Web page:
DUP requests working group on abortion debate
The DUP has asked the Northern Ireland health minister to set up a working group to look at how the issue of fatal foetal abnormality can be addressed.
The move comes as MLAs prepare for an assembly debate on whether to make abortions legal in such cases.
A vote on whether or not to amend the Justice Bill is due to take place on Wednesday.
The proposed amendment looks unlikely to pass now that the DUP has said it will be voting against it.
Currently, a termination is only permitted in Northern Ireland if a woman's life is at risk or if there is a risk of permanent and serious damage to her mental or physical health.
Justice Minister David Ford has asked the executive to approve legislation for abortion in cases where a fatal foetal abnormality is diagnosed.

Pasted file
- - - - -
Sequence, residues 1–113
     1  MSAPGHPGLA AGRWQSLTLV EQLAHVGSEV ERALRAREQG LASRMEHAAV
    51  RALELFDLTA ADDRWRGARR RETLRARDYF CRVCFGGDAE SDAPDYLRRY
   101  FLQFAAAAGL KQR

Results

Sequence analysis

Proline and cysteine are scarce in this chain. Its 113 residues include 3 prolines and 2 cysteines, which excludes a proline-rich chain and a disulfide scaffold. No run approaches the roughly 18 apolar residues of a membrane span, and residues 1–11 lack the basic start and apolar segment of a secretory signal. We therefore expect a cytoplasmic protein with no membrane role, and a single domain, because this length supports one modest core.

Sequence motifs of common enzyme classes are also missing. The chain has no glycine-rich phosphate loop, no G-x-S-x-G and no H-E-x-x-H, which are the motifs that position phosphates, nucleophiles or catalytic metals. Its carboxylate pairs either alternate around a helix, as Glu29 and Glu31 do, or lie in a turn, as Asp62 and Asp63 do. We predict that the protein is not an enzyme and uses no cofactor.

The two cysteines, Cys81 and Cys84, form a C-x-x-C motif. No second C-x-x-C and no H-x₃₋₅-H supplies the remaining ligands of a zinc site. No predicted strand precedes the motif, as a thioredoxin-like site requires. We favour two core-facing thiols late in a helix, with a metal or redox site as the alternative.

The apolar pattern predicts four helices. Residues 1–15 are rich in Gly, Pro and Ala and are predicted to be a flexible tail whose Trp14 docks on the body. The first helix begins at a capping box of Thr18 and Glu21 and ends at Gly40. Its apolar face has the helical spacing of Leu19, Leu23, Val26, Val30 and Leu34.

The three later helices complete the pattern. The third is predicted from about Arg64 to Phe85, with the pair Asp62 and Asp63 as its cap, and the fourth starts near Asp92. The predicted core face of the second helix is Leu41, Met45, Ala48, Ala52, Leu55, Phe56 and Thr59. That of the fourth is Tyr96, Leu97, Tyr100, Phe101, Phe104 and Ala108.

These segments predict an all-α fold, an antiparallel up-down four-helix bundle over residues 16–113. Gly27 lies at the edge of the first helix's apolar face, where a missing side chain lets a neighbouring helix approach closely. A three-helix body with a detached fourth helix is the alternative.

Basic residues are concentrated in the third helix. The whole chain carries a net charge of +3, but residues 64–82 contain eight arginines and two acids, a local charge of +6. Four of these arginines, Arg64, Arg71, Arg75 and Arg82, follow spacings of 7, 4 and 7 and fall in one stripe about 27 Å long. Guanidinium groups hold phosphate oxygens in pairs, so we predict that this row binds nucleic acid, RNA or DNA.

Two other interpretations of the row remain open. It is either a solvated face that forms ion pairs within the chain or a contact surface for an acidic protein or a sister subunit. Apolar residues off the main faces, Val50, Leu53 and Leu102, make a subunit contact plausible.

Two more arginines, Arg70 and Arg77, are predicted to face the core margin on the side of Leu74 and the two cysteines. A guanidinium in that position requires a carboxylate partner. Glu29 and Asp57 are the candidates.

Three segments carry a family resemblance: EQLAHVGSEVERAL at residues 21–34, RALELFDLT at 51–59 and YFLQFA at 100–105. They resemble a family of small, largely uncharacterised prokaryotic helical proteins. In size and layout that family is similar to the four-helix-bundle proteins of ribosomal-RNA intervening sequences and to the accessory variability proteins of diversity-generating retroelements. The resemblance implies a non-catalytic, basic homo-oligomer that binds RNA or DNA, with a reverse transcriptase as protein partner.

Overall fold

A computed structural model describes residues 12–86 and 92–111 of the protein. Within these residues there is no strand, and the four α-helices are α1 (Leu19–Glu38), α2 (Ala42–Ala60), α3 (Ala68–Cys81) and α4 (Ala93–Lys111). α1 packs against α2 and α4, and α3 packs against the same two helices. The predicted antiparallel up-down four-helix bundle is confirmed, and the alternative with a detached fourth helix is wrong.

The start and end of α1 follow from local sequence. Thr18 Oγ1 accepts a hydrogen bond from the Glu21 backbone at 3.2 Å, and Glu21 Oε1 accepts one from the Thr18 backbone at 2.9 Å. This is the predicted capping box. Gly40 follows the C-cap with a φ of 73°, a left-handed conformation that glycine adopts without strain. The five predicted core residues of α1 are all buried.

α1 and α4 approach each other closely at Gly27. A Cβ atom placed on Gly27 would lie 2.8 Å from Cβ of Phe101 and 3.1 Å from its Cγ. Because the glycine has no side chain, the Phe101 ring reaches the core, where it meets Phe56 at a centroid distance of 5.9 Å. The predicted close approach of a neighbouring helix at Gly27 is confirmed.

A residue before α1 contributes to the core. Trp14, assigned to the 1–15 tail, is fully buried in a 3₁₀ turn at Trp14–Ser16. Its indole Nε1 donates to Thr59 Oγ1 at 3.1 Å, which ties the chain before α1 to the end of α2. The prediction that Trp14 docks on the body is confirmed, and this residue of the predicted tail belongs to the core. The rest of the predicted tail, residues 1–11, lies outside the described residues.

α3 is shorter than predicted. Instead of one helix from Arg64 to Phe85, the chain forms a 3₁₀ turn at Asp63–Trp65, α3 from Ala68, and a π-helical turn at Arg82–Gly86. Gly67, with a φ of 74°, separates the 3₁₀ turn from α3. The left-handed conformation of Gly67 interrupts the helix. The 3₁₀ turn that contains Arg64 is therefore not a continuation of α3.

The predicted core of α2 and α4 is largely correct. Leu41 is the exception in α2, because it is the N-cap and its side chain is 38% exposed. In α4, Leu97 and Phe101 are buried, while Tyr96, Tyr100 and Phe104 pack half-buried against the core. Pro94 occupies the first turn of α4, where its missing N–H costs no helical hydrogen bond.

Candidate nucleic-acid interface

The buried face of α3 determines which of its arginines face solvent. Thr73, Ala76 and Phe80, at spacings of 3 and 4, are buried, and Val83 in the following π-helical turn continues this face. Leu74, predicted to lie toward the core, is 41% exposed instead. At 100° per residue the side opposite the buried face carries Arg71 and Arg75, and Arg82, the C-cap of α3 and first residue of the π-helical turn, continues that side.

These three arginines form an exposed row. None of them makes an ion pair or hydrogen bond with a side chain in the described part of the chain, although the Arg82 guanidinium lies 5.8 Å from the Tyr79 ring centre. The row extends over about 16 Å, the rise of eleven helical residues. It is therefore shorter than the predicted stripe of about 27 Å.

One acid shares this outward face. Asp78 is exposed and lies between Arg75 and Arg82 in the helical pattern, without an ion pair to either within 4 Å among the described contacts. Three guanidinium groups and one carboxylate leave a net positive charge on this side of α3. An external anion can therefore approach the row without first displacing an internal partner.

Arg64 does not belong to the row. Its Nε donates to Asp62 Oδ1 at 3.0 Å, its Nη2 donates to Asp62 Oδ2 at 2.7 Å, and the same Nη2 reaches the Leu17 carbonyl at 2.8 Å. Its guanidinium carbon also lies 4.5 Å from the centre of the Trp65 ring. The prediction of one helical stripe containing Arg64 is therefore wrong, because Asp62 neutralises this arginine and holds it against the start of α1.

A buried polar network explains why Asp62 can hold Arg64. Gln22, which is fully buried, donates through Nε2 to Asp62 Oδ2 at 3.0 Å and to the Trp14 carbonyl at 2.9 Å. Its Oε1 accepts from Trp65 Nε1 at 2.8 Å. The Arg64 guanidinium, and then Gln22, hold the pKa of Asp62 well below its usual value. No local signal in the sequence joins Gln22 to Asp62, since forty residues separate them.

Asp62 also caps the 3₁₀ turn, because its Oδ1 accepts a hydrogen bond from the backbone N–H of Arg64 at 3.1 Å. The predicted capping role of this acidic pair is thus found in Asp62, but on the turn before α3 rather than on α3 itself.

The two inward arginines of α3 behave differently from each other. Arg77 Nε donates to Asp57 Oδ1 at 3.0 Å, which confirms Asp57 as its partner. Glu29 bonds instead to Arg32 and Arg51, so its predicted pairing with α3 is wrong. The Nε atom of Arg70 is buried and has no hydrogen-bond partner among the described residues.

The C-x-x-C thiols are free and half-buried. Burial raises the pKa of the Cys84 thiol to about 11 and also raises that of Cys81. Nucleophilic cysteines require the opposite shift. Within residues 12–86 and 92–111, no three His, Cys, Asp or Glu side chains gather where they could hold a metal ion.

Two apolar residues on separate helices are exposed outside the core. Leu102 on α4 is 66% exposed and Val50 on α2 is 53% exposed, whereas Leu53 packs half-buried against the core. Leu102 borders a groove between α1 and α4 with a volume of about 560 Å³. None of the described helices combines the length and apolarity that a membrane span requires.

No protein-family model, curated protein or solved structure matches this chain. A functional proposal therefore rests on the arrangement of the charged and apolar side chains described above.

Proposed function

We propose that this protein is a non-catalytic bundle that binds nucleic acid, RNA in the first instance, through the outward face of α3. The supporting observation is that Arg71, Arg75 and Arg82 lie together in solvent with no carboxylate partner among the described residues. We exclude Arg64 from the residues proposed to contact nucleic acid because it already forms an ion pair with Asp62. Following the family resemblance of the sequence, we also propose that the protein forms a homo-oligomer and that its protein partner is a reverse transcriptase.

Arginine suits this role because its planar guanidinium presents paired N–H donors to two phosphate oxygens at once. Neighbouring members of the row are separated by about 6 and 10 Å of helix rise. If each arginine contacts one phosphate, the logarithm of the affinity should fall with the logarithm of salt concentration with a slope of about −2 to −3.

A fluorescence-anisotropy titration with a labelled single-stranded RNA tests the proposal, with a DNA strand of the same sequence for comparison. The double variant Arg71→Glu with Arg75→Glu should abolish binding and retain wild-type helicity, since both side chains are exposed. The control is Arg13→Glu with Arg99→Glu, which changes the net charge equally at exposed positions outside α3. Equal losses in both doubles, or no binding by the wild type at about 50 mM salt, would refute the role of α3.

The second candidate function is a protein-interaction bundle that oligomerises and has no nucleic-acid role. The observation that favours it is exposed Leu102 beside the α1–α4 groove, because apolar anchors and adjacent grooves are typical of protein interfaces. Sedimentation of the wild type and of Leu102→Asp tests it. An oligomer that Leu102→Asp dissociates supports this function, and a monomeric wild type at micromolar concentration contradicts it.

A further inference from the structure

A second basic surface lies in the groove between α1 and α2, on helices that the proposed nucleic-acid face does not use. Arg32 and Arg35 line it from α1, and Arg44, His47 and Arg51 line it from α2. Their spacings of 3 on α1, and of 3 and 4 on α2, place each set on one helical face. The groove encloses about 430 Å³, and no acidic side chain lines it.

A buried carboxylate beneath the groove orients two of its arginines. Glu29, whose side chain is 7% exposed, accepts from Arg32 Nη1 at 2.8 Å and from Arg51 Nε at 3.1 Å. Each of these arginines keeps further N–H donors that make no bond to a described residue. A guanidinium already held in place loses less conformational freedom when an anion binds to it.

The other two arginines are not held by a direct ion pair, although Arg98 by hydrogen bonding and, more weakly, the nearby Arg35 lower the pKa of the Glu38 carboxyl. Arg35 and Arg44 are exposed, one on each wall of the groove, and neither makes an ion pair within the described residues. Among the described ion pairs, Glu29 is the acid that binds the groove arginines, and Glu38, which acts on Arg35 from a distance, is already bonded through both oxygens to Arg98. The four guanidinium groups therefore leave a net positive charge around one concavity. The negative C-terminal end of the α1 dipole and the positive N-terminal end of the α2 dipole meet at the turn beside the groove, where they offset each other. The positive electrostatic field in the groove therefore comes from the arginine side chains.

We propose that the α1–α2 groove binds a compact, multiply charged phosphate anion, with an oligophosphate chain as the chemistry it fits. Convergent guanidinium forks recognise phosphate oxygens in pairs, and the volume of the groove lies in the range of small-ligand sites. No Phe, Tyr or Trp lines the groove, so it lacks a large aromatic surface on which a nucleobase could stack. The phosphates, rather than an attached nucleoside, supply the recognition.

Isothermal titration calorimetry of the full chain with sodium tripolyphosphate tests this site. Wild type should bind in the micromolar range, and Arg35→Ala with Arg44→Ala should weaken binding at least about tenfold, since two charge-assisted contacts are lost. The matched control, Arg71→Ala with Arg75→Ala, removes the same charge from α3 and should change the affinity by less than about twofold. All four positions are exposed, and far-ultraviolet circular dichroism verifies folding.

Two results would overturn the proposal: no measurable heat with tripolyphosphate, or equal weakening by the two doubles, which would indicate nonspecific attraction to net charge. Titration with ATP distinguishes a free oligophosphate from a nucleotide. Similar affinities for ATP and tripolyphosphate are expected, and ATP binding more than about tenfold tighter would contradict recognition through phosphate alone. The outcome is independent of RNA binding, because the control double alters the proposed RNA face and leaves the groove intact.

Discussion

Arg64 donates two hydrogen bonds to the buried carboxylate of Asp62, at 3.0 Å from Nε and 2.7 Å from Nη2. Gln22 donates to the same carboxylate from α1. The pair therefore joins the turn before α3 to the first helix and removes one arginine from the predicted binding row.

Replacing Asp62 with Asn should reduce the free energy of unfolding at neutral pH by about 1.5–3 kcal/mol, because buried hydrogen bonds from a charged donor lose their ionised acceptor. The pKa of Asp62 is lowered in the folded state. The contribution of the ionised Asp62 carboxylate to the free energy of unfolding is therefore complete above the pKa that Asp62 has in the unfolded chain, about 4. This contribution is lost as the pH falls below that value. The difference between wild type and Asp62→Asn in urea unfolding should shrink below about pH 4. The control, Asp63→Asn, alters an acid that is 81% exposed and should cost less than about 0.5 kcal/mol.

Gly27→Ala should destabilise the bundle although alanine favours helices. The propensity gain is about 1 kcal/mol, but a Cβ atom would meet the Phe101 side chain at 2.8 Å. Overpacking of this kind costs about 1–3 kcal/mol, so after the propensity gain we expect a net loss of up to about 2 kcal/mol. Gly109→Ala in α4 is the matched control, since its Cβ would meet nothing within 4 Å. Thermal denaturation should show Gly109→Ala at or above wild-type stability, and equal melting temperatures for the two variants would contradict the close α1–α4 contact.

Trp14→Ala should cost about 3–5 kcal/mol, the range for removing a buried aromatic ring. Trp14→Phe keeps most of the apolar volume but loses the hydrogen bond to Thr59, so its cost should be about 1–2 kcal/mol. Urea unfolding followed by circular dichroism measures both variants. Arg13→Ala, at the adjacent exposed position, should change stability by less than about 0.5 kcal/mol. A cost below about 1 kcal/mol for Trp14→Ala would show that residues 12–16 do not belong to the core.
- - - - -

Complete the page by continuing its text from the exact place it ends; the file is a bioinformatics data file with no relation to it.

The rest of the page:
The DUP said the issue required proper consideration by the assembly and executive, and that the Bill was not intended for this purpose.
They have asked Health Minister Simon Hamilton to set up a working group, including clinicians and people with a legal background, to make recommendations as to how the issue can be addressed, including, if necessary, draft legislation.
It is to report within six months.
BBC News NI political correspondent Gareth Gordon said finding a way forward, which the majority of people can agree on, will be "a mammoth task".
"This is one of the most sensitive issues facing politicians and society generally in Northern Ireland," he said.
In December, a High Court judge ruled the law does not comply with the European Convention on Human Rights in cases of fatal foetal abnormality or sexual crime.
The case was brought by the Northern Ireland Human Rights Commission.
The commission took legal action against Mr Ford's Department of Justice as part of its campaign for a change in the law.
In January, the justice minister said he was lodging an appeal to the ruling, because he was concerned that a lack of "legal certainty" could lead inadvertently to abortion on demand.